Balam Acab - Oh, Why

One of my very favourite artists, Balam Acab, was up first, and put on a fantastic show. The incredibly young-looking Alec Koone has clearly thought hard about how to bring his sounds to a live show and re-structured many of his songs to suit a gig, the most notable change being the introduction of a female vocalist to sing the ghostly samples in his recorded work. It was a great choice, mostly down to the beauty and strength of her voice, which brought a powerful energy to the opening run of Big Boy and See Birds (Sun). His synth-work lost some of its organic edge in being brought to the stage, sounding more treated and electronic, but Koone made this change work to his advantage, turning the aching melancholy of Await into a glittering dance affair with a surprising degree of success. It was a joy to actually be able to hear the lyrics to his tunes, especially when sung by such a spectacularly talented vocalist, but an element of Wander / Wonder’s darkness remained intact, particularly in the intense basslines of Expect which came next. His set was topped off with a mesmerising new song and a beautiful rendition of Oh, Why; one of a handful of songs where Koone added his own expressive voice to the mix. I’ve always thought the most important thing an artist can do in a live set is allow the spectators to lose themselves completely in the sound and forget everything else, and the only disappointment of Balam Acab’s set was how soon it was over. Thirty minutes just didn’t really feel like enough time given that he had top billing for the night.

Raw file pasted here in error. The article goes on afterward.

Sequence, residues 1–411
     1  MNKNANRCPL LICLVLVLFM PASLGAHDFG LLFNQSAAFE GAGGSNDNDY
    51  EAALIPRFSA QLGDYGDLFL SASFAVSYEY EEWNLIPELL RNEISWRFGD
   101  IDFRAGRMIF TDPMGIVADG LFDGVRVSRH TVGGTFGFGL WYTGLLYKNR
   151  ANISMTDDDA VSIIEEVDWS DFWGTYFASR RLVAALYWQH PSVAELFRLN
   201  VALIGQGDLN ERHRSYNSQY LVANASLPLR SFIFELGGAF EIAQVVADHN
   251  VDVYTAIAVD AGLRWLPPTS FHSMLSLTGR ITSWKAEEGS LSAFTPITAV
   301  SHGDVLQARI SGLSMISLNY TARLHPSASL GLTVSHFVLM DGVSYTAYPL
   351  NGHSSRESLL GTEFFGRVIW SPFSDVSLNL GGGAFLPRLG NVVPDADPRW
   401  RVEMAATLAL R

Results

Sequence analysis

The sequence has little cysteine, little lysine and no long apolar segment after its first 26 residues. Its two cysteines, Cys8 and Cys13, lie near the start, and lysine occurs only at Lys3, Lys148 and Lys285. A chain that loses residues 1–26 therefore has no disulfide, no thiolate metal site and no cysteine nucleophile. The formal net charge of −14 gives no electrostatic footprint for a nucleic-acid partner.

oOoOO – Burnout Eyess